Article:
Trees add beauty and value to landscapes, but buying them on a whim or planting haphazardly can leave homeowners out on a limb.
"Someone goes to a nursery, sees a cute little tree in a pot, doesn't research it and 20 years later cuts it down," said Dick Ratcliff, consulting arborist and partner with Outdoor Design Group in Rockville. "Not doing your homework means lost growing time, then paying to cut down the tree and replant."
He cringes when he sees utility companies whacking branches off majestic shade trees planted under power lines. "Location is extremely important -- to plant the right tree in the right place," he said.
The first step is to consider the goal of tree planting: beauty, seasonal color, shade, fruit, privacy or protection from the wind?
Many homeowners like the year-round beauty of "specimen" trees, with their lovely shapes, lush spring blossoms and vibrant fall color, exfoliating bark, and architectural branch structure, said certified landscape designer Melissa Clark of Landscape Projects in Bethesda.
Crape myrtles, maples and native flowering dogwoods are popular in the area, but native dogwoods are prone to the deadly fungus anthracnose. Clark recommended disease-resistant kousa dogwoods instead.
"Crape myrtles are also pretty bulletproof," she said. Hardy Japanese snowbells and stewartia offer both beauty and shade.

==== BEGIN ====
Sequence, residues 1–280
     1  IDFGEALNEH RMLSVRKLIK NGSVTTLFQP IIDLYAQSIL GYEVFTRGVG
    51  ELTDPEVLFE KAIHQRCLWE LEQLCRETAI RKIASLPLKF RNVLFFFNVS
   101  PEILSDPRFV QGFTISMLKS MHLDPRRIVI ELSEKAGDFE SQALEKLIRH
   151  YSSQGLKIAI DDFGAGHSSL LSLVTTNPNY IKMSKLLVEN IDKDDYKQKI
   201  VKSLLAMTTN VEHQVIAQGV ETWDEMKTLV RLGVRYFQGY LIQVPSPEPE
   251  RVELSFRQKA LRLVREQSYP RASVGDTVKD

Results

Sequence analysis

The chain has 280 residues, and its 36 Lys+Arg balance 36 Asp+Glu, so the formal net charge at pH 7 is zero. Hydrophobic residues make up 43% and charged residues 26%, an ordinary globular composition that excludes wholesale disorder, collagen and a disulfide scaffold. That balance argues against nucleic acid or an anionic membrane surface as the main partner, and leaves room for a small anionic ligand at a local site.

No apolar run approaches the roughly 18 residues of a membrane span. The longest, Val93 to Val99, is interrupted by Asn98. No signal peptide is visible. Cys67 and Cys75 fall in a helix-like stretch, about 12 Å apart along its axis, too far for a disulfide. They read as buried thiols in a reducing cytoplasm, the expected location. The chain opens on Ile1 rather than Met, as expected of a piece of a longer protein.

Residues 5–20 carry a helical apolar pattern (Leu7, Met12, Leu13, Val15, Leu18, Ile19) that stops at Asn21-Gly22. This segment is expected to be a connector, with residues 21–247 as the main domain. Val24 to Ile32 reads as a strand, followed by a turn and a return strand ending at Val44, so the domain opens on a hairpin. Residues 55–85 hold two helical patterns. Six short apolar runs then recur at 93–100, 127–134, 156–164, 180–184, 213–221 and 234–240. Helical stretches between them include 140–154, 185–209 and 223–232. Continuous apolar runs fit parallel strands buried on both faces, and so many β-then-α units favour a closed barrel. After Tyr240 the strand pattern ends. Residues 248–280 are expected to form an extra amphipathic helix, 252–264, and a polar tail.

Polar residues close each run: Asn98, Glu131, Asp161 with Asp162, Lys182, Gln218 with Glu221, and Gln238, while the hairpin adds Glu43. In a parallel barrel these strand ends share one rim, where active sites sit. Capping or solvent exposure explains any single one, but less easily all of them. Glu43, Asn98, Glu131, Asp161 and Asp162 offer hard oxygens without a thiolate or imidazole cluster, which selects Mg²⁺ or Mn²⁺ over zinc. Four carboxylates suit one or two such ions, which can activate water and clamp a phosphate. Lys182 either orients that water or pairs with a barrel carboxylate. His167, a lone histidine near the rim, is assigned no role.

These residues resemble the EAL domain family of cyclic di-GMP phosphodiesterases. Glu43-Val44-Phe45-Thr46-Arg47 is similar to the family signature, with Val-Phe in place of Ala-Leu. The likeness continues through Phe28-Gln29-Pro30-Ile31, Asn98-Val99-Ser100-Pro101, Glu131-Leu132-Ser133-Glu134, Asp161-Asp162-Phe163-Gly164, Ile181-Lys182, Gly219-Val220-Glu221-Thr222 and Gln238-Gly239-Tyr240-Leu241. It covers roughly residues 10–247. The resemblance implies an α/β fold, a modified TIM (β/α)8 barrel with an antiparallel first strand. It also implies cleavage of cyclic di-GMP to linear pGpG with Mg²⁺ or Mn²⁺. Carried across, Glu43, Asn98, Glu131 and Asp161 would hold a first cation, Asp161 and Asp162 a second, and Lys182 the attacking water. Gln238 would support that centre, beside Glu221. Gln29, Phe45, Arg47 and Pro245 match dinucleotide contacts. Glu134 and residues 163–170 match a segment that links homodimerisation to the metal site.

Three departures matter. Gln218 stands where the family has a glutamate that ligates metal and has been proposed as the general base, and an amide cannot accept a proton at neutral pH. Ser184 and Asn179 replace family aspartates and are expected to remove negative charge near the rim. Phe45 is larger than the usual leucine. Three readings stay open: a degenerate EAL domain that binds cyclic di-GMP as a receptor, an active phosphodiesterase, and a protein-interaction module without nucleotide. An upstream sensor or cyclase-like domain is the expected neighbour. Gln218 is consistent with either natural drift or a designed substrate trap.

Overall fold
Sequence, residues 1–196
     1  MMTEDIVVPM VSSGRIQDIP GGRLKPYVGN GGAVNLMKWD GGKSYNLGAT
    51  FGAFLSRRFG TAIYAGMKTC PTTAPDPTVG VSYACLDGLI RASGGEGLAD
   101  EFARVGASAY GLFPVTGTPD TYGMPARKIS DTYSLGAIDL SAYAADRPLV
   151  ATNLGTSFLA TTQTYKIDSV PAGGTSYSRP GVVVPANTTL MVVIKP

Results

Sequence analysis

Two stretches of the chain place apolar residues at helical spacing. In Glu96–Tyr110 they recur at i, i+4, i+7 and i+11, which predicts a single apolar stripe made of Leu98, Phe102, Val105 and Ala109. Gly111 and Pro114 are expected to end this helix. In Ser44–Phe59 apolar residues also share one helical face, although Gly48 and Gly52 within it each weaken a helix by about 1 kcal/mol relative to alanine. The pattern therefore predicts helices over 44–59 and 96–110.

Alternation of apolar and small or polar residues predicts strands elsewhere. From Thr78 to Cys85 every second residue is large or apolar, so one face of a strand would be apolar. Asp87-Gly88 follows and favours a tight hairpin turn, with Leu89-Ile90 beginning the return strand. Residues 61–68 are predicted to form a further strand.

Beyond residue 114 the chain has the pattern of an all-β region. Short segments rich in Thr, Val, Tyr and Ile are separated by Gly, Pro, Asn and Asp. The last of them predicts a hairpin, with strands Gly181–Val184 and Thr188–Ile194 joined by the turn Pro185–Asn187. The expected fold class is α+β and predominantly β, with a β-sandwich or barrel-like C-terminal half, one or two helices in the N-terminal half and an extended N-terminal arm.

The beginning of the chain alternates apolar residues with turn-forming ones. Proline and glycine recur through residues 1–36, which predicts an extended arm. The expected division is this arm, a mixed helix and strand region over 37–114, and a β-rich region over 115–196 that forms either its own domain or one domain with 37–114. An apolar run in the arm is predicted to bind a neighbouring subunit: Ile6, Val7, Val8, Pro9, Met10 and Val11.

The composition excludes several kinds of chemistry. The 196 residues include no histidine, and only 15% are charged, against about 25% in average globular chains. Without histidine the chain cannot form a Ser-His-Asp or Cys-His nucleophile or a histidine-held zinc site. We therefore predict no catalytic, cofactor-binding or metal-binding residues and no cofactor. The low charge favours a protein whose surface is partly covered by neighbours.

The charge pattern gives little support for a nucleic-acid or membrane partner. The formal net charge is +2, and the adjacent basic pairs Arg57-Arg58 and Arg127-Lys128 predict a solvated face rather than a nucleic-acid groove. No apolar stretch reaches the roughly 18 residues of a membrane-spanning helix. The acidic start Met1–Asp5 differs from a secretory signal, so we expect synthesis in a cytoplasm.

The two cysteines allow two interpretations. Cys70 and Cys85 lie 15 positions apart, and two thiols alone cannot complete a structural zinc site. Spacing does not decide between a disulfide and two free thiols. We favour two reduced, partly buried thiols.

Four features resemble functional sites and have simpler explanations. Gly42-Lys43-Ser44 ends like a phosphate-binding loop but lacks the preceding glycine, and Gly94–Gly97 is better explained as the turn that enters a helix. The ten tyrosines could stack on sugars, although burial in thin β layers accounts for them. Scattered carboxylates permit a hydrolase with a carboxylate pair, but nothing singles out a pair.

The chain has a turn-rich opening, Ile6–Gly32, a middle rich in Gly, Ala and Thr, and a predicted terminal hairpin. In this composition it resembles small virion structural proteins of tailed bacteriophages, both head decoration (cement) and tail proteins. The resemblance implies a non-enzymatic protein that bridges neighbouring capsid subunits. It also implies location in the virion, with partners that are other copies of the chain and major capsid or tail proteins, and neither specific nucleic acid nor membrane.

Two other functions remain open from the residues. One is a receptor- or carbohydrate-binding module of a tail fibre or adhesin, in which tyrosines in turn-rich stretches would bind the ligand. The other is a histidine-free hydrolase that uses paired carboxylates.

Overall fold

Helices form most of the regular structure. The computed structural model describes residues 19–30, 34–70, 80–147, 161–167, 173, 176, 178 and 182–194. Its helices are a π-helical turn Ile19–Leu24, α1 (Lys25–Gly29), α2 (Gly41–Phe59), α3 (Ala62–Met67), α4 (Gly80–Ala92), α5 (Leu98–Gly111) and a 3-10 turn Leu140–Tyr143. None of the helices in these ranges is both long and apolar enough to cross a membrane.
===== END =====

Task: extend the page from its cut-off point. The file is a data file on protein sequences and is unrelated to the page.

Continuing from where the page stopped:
For hot, humid summers, homeowners frequently turn to maples and oaks for shade. Slower-growing oaks are stately, but most offer less fall color.
"If you want instant shade, fast-growing maples are popular and have brilliant fall color," Clark said. "But don't plant too near the house or other large trees."
A 30-foot tree canopy at maturity calls for spacing of at least 15 feet.
Properly placed deciduous trees, with their leafy summer canopies, make for cooler summers and shed leaves to let in winter sunshine, Ratcliff said.
For energy savings, plant them to the east and west of the house. Evergreens to the north cut wintry winds and form privacy screens. Leyland cypresses are popular, but heavy snow can cause falls or cracking, said Clark, who suggested another evergreen such as Japanese cedar.
Planning's not done until there is an assessment of whether the tree will thrive in the local soil and microclimate. Some struggle in the area's densely compacted clay soil, Clarke said.
"But don't amend the planting hole to be too different from the surrounding soil. The tree must acclimatize," she said.
Ratcliff recommended spreading compost on top of the site after planting but not before, and then adding mulch. Soil samples should be taken before fertilizing.
Generally, as tree heights climb, so do costs. Small, fast-growing trees are the least expensive.
"Installing a 10-to-12-foot tree costs about $300. An instant 30-foot-tall tree with a 12-inch trunk can cost $25,000," Ratcliff said. Costs for trees plus landscape design and installation vary from $500 to $5,000 and up.
Ordering and planting trees in the fall, from early October to mid-November, is preferable, Radcliffe said, as watering requirements are reduced and the tree is dormant. However, sufficient water is needed for the root system to be established before the ground freezes.